CHRISTINE MISERANDINO: Look at me. I didn't know that. [LAUGHTER] I'm so glad we did this. Because we're over here, going, oh, we've got to lift our ankles.

ROBIN DANIEL: Right.

CHRISTINE MISERANDINO: OK.

STACIE COLLETT: OK, girls, so I've heard that exercise is supposed to help you sleep at night.

KIM SCHOFIELD: Yes.

ROBIN DANIEL: Yeah.

STACIE COLLETT: Really?

[LAUGHTER]

KIM SCHOFIELD: Yes.

CHRISTINE MISERANDINO: We're not buying it over here, so convince us.

ROBIN DANIEL: Yoga.

KIM SCHOFIELD: Yes.

ROBIN DANIEL: Stretching,

calming kind of things, definitely helps. Like, I started doing the hot water class, and it's-- the water temperature's like 97 degrees and above.

STACIE COLLETT: Oh, wow.

ROBIN DANIEL: And you get in there-- it feels so good. And water's just amazing for arthritis, and especially warm water. And so I get in there and stretch, or even stretching on the bed. Like I'll just-- pulling your knees up to your chest.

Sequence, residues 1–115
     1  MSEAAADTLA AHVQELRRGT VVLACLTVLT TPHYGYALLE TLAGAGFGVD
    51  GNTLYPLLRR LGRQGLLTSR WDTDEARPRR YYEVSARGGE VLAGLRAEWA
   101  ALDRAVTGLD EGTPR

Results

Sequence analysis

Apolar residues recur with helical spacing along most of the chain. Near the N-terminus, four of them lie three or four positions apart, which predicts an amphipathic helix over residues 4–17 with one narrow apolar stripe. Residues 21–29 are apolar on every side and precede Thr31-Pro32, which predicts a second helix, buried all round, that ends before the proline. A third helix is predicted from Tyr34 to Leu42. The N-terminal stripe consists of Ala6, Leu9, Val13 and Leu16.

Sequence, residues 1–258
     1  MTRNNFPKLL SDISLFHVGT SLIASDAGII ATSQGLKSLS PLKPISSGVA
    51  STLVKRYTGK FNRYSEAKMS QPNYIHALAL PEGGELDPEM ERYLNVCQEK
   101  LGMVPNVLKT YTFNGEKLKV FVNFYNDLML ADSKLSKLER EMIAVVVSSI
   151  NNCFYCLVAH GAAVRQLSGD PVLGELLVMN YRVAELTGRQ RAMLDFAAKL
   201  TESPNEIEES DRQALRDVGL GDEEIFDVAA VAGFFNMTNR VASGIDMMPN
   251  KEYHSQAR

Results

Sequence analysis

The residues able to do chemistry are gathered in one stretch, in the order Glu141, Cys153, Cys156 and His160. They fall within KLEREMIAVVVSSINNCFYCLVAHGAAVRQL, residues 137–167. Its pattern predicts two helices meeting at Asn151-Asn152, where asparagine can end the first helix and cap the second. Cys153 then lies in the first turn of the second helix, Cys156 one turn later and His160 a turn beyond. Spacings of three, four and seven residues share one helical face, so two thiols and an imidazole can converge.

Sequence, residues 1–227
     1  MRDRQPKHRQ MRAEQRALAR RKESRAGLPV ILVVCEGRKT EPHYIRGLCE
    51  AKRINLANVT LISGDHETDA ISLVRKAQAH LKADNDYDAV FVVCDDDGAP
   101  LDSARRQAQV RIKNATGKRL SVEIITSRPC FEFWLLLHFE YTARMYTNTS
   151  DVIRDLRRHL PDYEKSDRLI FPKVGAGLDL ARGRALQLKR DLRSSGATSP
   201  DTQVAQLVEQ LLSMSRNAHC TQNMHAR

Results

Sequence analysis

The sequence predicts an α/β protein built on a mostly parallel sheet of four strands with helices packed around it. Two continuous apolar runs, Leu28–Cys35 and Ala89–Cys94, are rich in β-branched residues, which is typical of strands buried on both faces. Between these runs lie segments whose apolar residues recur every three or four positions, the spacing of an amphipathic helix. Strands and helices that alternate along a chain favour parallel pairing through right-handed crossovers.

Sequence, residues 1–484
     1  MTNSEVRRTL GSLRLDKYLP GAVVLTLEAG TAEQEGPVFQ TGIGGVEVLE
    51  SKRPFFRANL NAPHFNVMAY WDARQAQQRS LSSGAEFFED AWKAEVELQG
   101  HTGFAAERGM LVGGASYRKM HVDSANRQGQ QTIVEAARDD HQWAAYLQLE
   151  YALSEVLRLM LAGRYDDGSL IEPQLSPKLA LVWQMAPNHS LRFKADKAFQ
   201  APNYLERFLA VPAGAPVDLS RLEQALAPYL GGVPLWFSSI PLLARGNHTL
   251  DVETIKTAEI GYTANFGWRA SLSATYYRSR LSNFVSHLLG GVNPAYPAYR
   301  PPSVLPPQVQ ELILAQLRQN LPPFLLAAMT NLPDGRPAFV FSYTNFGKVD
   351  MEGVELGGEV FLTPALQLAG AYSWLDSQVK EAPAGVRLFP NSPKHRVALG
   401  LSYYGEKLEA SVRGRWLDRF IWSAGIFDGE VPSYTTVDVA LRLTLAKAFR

KIM SCHOFIELD: That's what I do. I kind of do the range of motion, move the joints back a little bit. I stretch a little bit. I bend. And do a little light stretching.

ROBIN DANIEL: Yeah.

STACIE COLLETT: Do you do it in the morning? Or do you do it in--

KIM SCHOFIELD: I do it right before I go to bed.

STACIE COLLETT: OK.

ROBIN DANIEL: And in the morning.

KIM SCHOFIELD: And in the morning, first thing in the morning.

STACIE COLLETT: Probably helps you go, huh?

ROBIN DANIEL: Before you even get out of the bed.

KIM SCHOFIELD: Definitely.

ROBIN DANIEL: I can't-- I have no range of motion as soon as I wake up. Like, I have to stretch.

CHRISTINE MISERANDINO: I feel like the Tin Man. Like, oil can!

ROBIN DANIEL: I know.

CHRISTINE MISERANDINO: I need to be oiled! So I guess these things help.

KIM SCHOFIELD: Yes, they do.

CHRISTINE MISERANDINO: And I've heard that exercise during the daytime gets out that energy so that at night, you are thoroughly exhausted and ready for sleep.

ROBIN DANIEL: OK.

CHRISTINE MISERANDINO: All these things are so important. So if I can do two or three of them--

KIM SCHOFIELD: You'll see a difference.

CHRISTINE MISERANDINO: I think that's good. But I have to say, girls, just talking about all this? I'm exhausted.

ROBIN DANIEL: Seriously.

CHRISTINE MISERANDINO: I think we need to go back to sleep.

ROBIN DANIEL: Let's go.

KIM SCHOFIELD: I'm with you.

CHRISTINE MISERANDINO: Let's go.

STACIE COLLETT: OK.

ROBIN DANIEL: I'm down.